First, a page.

In the highest of honours (and to the delight of ARMI), neuroscientist and Group Leader, Associate Professor James Bourne was the recipient of the prestigious NHMRC ‘Marshall and Warren’ Award. Presented last Wednesday night, the award was a recognition of the cutting-edge research the Bourne group is undertaking in comprehending visual brain development.
The award ceremony, held in Canberra at the annual NHMRC’s Research Excellence Awards was a night to remember. Presented to James by the Honourable Greg Hunt (Minister for Heath), the award embodies not just a personal victory, but a victory for his team, whose combined efforts brought him to the stage that night.
“In a sense, my group is my family,” smiled James. “I am so proud to have such a fantastic team behind me to focus our research efforts on unlocking fundamental questions about the brain. This award is a culmination of our hard work, the support from the community and opportunities given to us by the government. I consider myself very fortunate.”
James has always harboured a passion for interrogating the natural world. Similar to his obsession with disassembling kitchen appliances as a child (much to the chagrin of his parents), James has always had a desire to understand how things work. As such, it was no surprise to see him enter into the field of science.
Beginning his professional career upon the completion of a PhD in Neuropharmacology at King’s College, James joined ARMI as a Group Leader in 2009. Since then, he has established a large and strong team of researchers and spearheaded work at the frontier of the field of visual brain development, a field that is still relatively unstudied.
Devoted to the ultimate goal of improving diagnosis, management and, one day, treatment of brain disorders and injuries, the Bourne Group works to delineate the complex mechanisms that underlie brain development. They strive to do so through three major areas of focus; the development and maturation of the visual brain (in nonhuman primates), determining which brain areas enable sight and understanding the systematic after-effects of stroke.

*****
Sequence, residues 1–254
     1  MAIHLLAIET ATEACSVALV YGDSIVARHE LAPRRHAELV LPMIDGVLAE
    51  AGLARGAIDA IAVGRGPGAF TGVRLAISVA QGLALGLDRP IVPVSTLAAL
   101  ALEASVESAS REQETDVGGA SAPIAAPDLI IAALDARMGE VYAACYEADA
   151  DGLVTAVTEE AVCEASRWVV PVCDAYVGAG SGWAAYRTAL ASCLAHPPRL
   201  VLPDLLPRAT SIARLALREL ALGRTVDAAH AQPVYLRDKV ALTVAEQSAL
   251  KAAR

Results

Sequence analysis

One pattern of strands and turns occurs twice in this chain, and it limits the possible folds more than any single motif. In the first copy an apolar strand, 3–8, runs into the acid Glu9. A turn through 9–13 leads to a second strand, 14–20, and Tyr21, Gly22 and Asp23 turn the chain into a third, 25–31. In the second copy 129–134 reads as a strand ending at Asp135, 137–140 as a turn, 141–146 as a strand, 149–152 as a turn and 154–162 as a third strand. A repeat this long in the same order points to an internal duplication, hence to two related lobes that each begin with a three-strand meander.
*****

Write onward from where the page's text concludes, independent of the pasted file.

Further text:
With the Marshall and Warren Award, the work of the Bourne group has been recognised for its innovative spirit, and in particular, acknowledges that such cutting-edge research may have difficulty attracting funding as it challenges prevailing ideas. Established by the NHMRC and named after Professors Barry Marshall and Robin Warren (who won the Nobel Prize for Physiology or Medicine in 2006), the award seeks to showcase daring and risky research.
“This a high honor indeed,” commented Professor Peter Currie, Director of Research at ARMI. “Seeing our researchers up on the stage, being recognised for their contributions is incredibly satisfying and heartwarming. Congratulations to James and his team.”
However, despite the exciting and challenging job ahead of them, the Bourne Group took time to celebrate their victory, cracking open some champagne in the office. For them, James’ award acts as recognition, but also as motivation. For James, he was able to enjoy a short trip to Canberra with his partner Toby to spend the night celebrating and reinvigorating his already tenacious passion for neuroscience.
With the future ahead, James takes this award as confirmation, stating “this is an award for the present and the future and we won’t be changing a thing. The roadmap is there, now all we need is to follow it.”
For more information on Associate Professor James Bourne and his group at ARMI, please visit Bourne Group Page. You can contact James Bourne via firstname.lastname@example.org or follow him on Twitter @Neurdboy and/ or LinkedIn.
For more information on discoveries made by the Bourne Group, read their latest press release: A young boy missing the visual centre of his brain retains vision – stunning researchers.